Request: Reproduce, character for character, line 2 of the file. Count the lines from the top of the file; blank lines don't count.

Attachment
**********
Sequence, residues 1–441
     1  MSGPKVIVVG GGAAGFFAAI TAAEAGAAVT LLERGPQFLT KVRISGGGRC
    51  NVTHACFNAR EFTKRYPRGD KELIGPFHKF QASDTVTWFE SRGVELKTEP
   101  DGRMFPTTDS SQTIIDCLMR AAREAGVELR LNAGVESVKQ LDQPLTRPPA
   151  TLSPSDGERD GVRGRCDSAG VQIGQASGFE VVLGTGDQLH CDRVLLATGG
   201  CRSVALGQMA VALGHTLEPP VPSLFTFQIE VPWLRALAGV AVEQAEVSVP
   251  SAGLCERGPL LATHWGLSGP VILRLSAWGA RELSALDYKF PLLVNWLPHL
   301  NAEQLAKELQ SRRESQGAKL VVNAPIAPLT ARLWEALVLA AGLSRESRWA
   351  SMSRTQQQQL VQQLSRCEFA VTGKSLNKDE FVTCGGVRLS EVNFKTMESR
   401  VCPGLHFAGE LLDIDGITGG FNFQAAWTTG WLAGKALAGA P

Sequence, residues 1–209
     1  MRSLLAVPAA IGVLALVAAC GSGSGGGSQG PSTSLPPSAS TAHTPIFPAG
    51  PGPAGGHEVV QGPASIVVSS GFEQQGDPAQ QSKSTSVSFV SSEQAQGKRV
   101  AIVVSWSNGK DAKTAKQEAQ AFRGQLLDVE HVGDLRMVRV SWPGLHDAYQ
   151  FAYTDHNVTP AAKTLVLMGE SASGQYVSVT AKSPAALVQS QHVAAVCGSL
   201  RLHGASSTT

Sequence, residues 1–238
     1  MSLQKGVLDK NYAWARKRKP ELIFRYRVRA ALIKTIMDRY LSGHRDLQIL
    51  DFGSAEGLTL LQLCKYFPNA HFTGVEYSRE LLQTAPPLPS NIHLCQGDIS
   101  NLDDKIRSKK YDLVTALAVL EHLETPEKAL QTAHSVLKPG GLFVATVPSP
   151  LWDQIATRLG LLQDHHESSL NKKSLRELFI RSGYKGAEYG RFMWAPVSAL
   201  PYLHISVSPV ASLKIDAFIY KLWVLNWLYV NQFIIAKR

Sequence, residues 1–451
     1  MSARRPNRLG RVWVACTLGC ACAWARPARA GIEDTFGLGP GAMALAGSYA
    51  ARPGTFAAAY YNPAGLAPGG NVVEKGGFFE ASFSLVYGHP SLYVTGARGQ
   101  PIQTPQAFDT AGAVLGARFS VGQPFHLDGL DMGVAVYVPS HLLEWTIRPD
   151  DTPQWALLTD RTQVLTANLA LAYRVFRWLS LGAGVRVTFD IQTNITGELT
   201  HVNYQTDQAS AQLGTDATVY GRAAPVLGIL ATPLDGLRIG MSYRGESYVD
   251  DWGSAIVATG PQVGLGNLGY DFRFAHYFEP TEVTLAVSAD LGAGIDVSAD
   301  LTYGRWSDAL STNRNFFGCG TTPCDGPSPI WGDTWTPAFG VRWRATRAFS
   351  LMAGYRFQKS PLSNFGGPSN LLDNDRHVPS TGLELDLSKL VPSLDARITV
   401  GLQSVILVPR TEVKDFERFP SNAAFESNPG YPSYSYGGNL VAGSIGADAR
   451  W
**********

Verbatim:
     1  MSGPKVIVVG GGAAGFFAAI TAAEAGAAVT LLERGPQFLT KVRISGGGRC